Read more of this story at Slashdot.








Flaw In Netgear Wi-Fi Routers Exposes Admin Password, WLAN Details

Slashdot - Tue, 17/02/2015 - 3:20pm
An anonymous reader writes A number of Netgear home wireless routers sport a vulnerability that can be misused by unauthenticated attackers [here's the report at seclists.org] to obtain the administrator password, device serial number, WLAN details, and various details regarding clients connected to the device, claims systems/network engineer Peter Adkins. The vulnerability is found in the embedded SOAP service, which is a service that interacts with the Netgear Genie application that allows users to control (change WLAN credentials, SSIDs, parental control settings, etc.) their routers via their smartphones or computers.

Read more of this story at Slashdot.








Flaw In Netgear Wi-Fi Routers Exposes Admin Password, WLAN Details

Slashdot - Tue, 17/02/2015 - 3:20pm
An anonymous reader writes A number of Netgear home wireless routers sport a vulnerability that can be misused by unauthenticated attackers [here's the report at seclists.org] to obtain the administrator password, device serial number, WLAN details, and various details regarding clients connected to the device, claims systems/network engineer Peter Adkins. The vulnerability is found in the embedded SOAP service, which is a service that interacts with the Netgear Genie application that allows users to control (change WLAN credentials, SSIDs, parental control settings, etc.) their routers via their smartphones or computers.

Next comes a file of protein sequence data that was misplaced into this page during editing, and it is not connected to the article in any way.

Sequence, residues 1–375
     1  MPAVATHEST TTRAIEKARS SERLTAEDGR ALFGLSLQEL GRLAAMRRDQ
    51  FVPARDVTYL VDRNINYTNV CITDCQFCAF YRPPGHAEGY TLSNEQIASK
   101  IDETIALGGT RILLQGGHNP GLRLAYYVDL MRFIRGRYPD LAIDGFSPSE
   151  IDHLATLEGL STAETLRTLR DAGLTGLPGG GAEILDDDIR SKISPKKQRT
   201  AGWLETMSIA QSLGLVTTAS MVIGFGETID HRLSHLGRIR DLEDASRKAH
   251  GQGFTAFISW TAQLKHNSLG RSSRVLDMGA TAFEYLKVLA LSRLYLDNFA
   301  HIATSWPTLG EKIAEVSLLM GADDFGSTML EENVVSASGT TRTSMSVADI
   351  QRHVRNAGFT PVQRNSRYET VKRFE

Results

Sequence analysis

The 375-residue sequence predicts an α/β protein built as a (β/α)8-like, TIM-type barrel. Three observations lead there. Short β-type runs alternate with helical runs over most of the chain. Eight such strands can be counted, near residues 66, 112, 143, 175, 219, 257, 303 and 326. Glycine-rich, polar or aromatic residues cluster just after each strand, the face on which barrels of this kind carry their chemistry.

Read more of this story at Slashdot.








Flaw In Netgear Wi-Fi Routers Exposes Admin Password, WLAN Details

Slashdot - Tue, 17/02/2015 - 3:20pm
An anonymous reader writes A number of Netgear home wireless routers sport a vulnerability that can be misused by unauthenticated attackers [here's the report at seclists.org] to obtain the administrator password, device serial number, WLAN details, and various details regarding clients connected to the device, claims systems/network engineer Peter Adkins. The vulnerability is found in the embedded SOAP service, which is a service that interacts with the Netgear Genie application that allows users to control (change WLAN credentials, SSIDs, parental control settings, etc.) their routers via their smartphones or computers.

Read more of this story at Slashdot.








Flaw In Netgear Wi-Fi Routers Exposes Admin Password, WLAN Details

Slashdot - Tue, 17/02/2015 - 3:20pm
An anonymous reader writes A number of Netgear home wireless routers sport a vulnerability that can be misused by unauthenticated attackers [here's the report at seclists.org] to obtain the administrator password, device serial number, WLAN details, and various details regarding clients connected to the device, claims systems/network engineer Peter Adkins. The vulnerability is found in the embedded SOAP service, which is a service that interacts with the Netgear Genie application that allows users to control (change WLAN credentials, SSIDs, parental control settings, etc.) their routers via their smartphones or computers.

Read more of this story at Slashdot.








Flaw In Netgear Wi-Fi Routers Exposes Admin Password, WLAN Details

Slashdot - Tue, 17/02/2015 - 3:20pm
An anonymous reader writes A number of Netgear home wireless routers sport a vulnerability that can be misused by unauthenticated attackers [here's the report at seclists.org] to obtain the administrator password, device serial number, WLAN details, and various details regarding clients connected to the device, claims systems/network engineer Peter Adkins. The vulnerability is found in the embedded SOAP service, which is a service that interacts with the Netgear Genie application that allows users to control (change WLAN credentials, SSIDs, parental control settings, etc.) their routers via their smartphones or computers.